When it comes to business, Robert L. Johnson knows what he's talking about. After launching the successful Black television network BET, he sold it to Viacom for approximately $3 billion. In 2001, Johnson became the first African-American billionaire, according to Forbes.
Johnson went on to develop RLJ Companies, a premier holding company and asset management firm. The RLJ companies is a portfolio of companies in the financial services, real estate, hospitality, professional sports, film production, automotive and gaming industries. The businesses include RLJ Development, a privately held hotel real estate investment company; RLJ Lodging Fund II and RLJ Real Estate Fund III, both of which are private equity real estate funds; RolloverSystems, a financial services company providing retirement planning services based in Charlotte, North Carolina; RLJ Equity Partners, a private equity fund; RLJ Select Investments, a multi-strategy hedge fund platform; Urban Trust Holdings, a company that holds Urban Trust Bank, a federal thrift institution; the NBA Charlotte Bobcats and Charlotte Arena Operations; Our Stories Films, a film production company; Caribbean Gaming & Entertainment, a video lottery gaming company; and RLJ-McLarty-Landers Automotive Group.
Now Johnson has come up with a plan that will help African-Americans and other minorities in the business world. Speaking recently, he urged U.S. corporations to establish a version of the "NFL Rooney Rule" in order to increase employment and business opportunities for African-Americans. Under the Rooney Rule, NFL teams must give a fair chance to minority candidates for head-coaching or general manager positions.
In turn, Johnson is urging Fortune 1000 companies to adopt a version of the National Football League's (NFL) Rooney Rule.
Under his proposed The RLJ Rule, companies would be encouraged to voluntarily establish a 'best practices' policy to identify and interview the talent pool of African-American managers and African-American companies.
"The RLJ Rule calls on U.S. Fortune 1000 companies to voluntarily consider a more diverse pool of qualified candidates when filling senior-level job openings (VP and above) and hiring minority contractors," explains Johnson. "What I’ve proposed is the business version of the National Football League's Rooney Rule, a 2003 mandate that required teams to consider diverse candidate pools when filling senior positions. I'm suggesting corporations throughout the country implement this practice on a voluntary basis as part of their enhanced best practices and commitment to diversity inclusion. It gets corporate America to become more open to the idea of providing fairness and equity in employment opportunities at senior management levels, which has long not been the case, but as the NFL’s Rooney Rule has demonstrated successfully in professional football, a similar commitment by corporate America will at least assure that qualified and talented African-Americans are no longer overlooked."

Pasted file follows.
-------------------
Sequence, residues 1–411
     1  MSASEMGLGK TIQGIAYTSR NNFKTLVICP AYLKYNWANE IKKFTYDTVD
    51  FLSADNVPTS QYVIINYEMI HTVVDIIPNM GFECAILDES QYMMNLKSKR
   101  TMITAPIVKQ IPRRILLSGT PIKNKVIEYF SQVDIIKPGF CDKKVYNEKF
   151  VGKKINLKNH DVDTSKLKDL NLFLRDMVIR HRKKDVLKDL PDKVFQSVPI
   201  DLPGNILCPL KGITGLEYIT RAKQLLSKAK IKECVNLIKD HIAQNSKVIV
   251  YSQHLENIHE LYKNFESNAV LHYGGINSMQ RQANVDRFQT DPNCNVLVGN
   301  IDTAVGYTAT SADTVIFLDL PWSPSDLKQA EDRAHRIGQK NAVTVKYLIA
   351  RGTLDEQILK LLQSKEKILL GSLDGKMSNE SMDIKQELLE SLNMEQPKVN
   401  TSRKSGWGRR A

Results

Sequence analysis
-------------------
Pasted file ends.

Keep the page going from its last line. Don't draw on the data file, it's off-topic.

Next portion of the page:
The RLJ Rule is two-pronged: it (a) encourages companies to voluntarily implement a plan to interview a minimum of two qualified African-American candidates for every job opening at the vice president level and above; and (b) encourages companies to interview at least two qualified African-American firms for vendor supplier/services contracts before awarding a new company contract to a vendor.
Companies seem to like the idea. "There has been strong support received so far for the RLJ Rule. I have reached out to the U.S. Chamber of Commerce, the Business Roundtable, Business Council, the U.S. Black Chamber of Commerce, and the Executive Leadership Council. I have also asked the President’s Jobs Council to endorse the RLJ Rule. The rule is not a quota system and it’s not a mandate. People have responded very well to the concept and understand that the RLJ Rule can only strengthen business talent and performance overall," explains Johnson.
According to Johnson, it is time to change the corporate culture on many levels. "It’s important to get corporations involved for a number of reasons. The RLJ Rule would immediately reduce the unemployment disparity between Black and white individuals. Today, when positions at the vice president (and above) level come up and the job is filled without an African-American ever being considered, nobody feels they have done anything wrong. In most cases, and this happens very often, opportunities are filled through a hiring stream that doesn't include many African-Americans," notes Johnson. "The RLJ Rule is intended to encourage corporations to look at the large pool of African- American and minority talent when making hiring decisions. It will show that when given the opportunity, African-Americans and other minorities can compete at the highest level."
But it is not up to the private sector alone. Government and corporations can do their own part in creating a more level playing field for African-American executives. "Both the government and the private sector have their respective roles," says Johnson. "I’m a believer in bringing business solutions to social problems and thinking that a lot more can be achieved in the private sector that would benefit communities across the country."